Psychologists from the University of Toronto and Harvard University have identified one of the biological bases of creativity.
The study in the September issue of the Journal of Personality and Social Psychology says the brains of creative people appear to be more open to incoming stimuli from the surrounding environment. Other people's brains might shut out this same information through a process called "latent inhibition" - defined as an animal's unconscious capacity to ignore stimuli that experience has shown are irrelevant to its needs. Through psychological testing, the researchers showed that creative individuals are much more likely to have low levels of latent inhibition.
"This means that creative individuals remain in contact with the extra information constantly streaming in from the environment," says co-author and U of T psychology professor Jordan Peterson. "The normal person classifies an object, and then forgets about it, even though that object is much more complex and interesting than he or she thinks. The creative person, by contrast, is always open to new possibilities."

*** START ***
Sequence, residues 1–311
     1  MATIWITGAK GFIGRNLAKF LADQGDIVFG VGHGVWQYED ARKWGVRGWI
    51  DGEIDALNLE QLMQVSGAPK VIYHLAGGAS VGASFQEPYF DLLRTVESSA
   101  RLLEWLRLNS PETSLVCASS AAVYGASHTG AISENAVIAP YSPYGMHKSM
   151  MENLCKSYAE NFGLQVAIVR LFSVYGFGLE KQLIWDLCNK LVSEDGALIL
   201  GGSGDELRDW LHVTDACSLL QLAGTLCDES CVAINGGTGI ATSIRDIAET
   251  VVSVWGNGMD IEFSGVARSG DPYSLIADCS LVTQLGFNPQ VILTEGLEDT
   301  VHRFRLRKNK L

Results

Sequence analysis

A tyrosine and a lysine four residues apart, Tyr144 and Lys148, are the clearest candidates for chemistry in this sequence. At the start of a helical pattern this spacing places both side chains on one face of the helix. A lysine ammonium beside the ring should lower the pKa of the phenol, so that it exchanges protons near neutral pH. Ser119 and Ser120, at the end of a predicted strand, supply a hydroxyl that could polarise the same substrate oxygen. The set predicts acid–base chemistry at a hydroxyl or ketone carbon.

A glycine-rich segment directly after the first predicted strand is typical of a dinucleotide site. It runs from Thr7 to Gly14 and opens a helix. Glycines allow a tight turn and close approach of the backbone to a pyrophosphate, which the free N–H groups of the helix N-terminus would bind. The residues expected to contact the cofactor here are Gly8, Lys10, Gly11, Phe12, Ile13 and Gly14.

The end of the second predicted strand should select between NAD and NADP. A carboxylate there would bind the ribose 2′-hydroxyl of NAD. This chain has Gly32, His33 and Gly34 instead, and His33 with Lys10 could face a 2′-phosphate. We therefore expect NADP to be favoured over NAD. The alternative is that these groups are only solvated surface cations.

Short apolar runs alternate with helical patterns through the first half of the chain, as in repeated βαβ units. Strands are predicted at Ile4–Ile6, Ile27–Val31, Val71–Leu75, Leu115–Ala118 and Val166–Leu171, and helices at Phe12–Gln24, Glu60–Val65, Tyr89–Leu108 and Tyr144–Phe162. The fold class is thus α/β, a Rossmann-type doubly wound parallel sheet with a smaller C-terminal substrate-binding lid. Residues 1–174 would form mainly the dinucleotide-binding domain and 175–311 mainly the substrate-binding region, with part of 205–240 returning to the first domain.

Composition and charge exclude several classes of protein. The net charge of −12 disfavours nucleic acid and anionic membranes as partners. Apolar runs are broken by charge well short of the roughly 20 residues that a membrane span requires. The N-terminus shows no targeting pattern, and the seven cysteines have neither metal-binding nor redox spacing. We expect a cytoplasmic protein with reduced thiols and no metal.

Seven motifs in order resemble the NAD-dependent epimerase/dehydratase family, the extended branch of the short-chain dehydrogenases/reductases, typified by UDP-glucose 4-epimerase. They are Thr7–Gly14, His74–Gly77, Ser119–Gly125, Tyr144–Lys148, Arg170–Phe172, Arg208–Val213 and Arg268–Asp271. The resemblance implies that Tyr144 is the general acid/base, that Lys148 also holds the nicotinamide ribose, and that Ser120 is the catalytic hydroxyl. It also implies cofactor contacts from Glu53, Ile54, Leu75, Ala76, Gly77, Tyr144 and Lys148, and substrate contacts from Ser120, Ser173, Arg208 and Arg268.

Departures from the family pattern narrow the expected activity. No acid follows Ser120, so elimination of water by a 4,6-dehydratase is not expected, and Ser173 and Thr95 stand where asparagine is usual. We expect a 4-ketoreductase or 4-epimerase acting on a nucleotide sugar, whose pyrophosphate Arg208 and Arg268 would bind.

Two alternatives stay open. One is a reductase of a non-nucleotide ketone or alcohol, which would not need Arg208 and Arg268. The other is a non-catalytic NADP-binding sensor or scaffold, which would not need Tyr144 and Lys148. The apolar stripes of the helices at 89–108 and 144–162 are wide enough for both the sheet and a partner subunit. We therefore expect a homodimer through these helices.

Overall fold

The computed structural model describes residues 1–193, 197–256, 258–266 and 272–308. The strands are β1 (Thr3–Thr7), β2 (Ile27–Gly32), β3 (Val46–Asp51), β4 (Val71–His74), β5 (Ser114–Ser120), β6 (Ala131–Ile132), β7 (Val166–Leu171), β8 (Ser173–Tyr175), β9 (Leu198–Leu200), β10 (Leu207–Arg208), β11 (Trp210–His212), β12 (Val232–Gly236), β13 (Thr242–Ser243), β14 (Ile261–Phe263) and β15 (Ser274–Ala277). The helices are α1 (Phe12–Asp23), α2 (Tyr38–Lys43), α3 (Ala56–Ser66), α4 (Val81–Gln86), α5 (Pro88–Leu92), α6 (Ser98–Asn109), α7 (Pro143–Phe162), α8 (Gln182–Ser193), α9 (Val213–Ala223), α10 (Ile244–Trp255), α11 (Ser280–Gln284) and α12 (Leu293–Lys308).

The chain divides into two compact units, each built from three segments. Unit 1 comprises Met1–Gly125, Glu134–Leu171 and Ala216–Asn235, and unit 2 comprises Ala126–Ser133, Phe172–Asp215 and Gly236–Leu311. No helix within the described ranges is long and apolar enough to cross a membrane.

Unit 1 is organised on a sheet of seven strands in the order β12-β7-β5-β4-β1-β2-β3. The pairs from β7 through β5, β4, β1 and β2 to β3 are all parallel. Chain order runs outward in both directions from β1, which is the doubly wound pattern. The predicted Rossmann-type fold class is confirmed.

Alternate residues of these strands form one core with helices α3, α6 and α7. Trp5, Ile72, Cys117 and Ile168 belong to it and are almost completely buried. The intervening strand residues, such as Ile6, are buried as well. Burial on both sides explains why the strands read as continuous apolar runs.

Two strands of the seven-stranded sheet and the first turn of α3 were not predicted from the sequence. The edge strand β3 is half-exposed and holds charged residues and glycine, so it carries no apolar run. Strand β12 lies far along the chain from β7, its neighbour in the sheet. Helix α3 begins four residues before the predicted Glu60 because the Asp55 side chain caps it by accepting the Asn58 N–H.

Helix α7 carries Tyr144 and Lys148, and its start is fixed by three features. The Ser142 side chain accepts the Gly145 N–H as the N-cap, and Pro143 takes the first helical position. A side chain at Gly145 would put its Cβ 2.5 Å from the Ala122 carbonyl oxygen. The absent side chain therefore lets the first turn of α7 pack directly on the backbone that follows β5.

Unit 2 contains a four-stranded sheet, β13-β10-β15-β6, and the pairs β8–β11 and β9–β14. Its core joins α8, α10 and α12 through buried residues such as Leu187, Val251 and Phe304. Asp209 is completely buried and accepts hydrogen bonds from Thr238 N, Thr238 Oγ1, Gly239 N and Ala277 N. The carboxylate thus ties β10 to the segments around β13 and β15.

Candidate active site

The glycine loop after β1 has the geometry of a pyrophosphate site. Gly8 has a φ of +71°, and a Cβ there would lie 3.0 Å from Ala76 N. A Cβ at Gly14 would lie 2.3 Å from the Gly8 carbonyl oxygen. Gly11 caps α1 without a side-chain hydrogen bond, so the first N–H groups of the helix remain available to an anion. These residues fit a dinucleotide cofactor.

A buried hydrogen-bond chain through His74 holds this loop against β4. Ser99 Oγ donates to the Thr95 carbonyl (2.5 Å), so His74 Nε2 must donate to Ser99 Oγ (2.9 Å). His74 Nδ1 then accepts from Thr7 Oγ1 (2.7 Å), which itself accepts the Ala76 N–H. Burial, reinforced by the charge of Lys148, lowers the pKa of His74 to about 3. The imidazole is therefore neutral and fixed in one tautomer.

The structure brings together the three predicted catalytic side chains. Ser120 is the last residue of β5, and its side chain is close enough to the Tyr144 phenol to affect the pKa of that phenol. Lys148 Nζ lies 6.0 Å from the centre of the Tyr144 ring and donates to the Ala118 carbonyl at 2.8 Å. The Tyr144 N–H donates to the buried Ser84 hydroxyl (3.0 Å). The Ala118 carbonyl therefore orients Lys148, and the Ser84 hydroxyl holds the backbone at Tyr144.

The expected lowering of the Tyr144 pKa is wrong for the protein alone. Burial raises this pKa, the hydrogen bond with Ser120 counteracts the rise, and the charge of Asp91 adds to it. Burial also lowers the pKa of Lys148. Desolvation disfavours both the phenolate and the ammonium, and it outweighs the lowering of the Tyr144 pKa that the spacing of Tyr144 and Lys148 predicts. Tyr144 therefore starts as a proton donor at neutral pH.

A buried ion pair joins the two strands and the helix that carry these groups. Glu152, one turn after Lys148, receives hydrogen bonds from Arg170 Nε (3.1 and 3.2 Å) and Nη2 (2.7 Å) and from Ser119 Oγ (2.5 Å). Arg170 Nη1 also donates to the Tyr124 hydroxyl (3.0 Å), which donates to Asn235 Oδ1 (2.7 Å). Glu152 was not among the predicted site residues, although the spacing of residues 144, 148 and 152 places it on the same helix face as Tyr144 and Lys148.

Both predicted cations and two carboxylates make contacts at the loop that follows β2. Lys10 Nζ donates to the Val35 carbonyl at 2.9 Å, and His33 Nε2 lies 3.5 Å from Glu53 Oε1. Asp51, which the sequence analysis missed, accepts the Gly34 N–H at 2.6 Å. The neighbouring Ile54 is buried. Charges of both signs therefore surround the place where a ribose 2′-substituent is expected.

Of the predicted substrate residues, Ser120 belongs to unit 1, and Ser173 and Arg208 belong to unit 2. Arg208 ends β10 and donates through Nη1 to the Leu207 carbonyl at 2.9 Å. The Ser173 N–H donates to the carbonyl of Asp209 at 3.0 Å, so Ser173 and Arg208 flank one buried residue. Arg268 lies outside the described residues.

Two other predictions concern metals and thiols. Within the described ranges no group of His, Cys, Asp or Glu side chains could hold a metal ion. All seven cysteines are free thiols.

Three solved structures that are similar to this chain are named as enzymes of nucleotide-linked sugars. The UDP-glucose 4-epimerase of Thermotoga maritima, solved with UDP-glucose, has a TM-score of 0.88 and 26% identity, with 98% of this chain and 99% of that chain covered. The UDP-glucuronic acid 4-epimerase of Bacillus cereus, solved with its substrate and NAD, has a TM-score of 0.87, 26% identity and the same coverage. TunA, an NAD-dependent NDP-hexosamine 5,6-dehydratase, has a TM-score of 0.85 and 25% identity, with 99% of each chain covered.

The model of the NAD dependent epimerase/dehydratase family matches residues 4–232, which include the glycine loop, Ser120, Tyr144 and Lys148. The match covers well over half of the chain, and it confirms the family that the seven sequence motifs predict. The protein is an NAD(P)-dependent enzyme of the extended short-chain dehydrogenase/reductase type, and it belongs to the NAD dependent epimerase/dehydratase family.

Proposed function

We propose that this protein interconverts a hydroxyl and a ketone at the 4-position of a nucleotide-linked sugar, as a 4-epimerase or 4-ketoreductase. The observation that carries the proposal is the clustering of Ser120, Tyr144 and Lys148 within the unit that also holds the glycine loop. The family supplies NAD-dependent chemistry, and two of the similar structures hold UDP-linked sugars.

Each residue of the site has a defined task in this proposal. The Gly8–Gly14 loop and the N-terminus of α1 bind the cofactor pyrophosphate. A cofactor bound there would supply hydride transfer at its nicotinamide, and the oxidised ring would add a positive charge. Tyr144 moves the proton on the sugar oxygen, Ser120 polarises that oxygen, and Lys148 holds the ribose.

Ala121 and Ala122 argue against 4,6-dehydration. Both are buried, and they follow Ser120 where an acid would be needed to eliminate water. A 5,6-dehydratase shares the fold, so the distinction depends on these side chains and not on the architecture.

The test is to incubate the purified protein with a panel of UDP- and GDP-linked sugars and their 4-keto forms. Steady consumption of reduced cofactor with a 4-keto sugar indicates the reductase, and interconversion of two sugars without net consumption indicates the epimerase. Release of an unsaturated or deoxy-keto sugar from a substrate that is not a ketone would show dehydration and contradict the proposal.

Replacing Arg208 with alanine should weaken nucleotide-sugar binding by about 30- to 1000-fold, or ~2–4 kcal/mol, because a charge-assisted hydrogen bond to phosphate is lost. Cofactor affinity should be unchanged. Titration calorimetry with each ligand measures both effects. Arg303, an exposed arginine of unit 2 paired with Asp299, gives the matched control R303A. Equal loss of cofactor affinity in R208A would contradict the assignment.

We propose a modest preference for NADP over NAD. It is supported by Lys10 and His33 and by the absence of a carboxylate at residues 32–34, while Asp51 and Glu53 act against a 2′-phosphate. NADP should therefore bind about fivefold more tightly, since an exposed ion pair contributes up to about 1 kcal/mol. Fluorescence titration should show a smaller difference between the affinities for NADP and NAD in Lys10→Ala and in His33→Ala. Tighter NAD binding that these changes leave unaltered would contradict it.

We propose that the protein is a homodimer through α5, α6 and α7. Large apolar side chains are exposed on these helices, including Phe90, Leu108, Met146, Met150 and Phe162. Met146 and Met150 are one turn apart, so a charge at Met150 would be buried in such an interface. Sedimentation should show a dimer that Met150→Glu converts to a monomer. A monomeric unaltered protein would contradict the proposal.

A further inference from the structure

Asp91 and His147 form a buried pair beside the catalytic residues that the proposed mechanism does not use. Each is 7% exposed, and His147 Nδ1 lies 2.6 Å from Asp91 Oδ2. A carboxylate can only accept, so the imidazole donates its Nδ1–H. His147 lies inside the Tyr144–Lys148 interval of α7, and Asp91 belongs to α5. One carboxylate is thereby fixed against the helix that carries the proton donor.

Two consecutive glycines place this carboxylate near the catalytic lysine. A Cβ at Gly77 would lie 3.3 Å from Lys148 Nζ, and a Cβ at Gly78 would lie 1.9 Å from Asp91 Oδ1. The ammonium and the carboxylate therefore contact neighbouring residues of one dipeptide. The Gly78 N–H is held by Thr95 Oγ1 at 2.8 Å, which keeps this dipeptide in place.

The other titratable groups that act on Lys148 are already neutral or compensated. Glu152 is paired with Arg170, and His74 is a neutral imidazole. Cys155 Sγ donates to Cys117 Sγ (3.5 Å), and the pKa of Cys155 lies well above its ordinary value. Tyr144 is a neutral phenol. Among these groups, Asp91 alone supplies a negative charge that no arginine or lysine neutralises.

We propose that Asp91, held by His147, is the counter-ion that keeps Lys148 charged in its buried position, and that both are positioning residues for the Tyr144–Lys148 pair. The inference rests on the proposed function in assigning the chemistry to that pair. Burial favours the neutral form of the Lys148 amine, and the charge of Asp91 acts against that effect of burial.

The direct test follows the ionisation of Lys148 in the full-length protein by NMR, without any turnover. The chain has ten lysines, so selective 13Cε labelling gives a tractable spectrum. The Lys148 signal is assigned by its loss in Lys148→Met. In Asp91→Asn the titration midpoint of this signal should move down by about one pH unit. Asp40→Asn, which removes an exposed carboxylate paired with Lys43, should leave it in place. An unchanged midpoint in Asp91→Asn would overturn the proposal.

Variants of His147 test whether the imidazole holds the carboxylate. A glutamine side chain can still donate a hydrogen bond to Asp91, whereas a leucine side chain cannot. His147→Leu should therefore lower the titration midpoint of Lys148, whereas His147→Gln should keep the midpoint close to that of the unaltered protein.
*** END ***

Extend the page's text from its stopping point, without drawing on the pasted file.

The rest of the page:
Previously, scientists have associated failure to screen out stimuli with psychosis.
The authors hypothesize that latent inhibition may be positive when combined with high intelligence and good working memory - the capacity to think about many things at once - but negative otherwise.
"Scientists have wondered for a long time why madness and creativity seem linked," says Carson. "It appears likely that low levels of latent inhibition and exceptional flexibility in thought might predispose to mental illness under some conditions and to creative accomplishment under others."
That might explain why those that survive being TS tend to be both hyper-intelligent and also hyper-creative. Being TS, having a brain neither entirely M nor F - likely leads to creativity, being open to stimuli others filter out. But unless the person is also unusually bright, it may lead to insanity too. Only the bright don't kill themselves, and the stratospherically high TS suicide rate would certainly fit in with that. So the mystery of the evidenced 2 standard deviation increase in IQ isn't caused by some weird neurology, as the creativity seems to be. It's possibly a result of Natural Selection, not Natural Talent.
Call it Evolution in Action.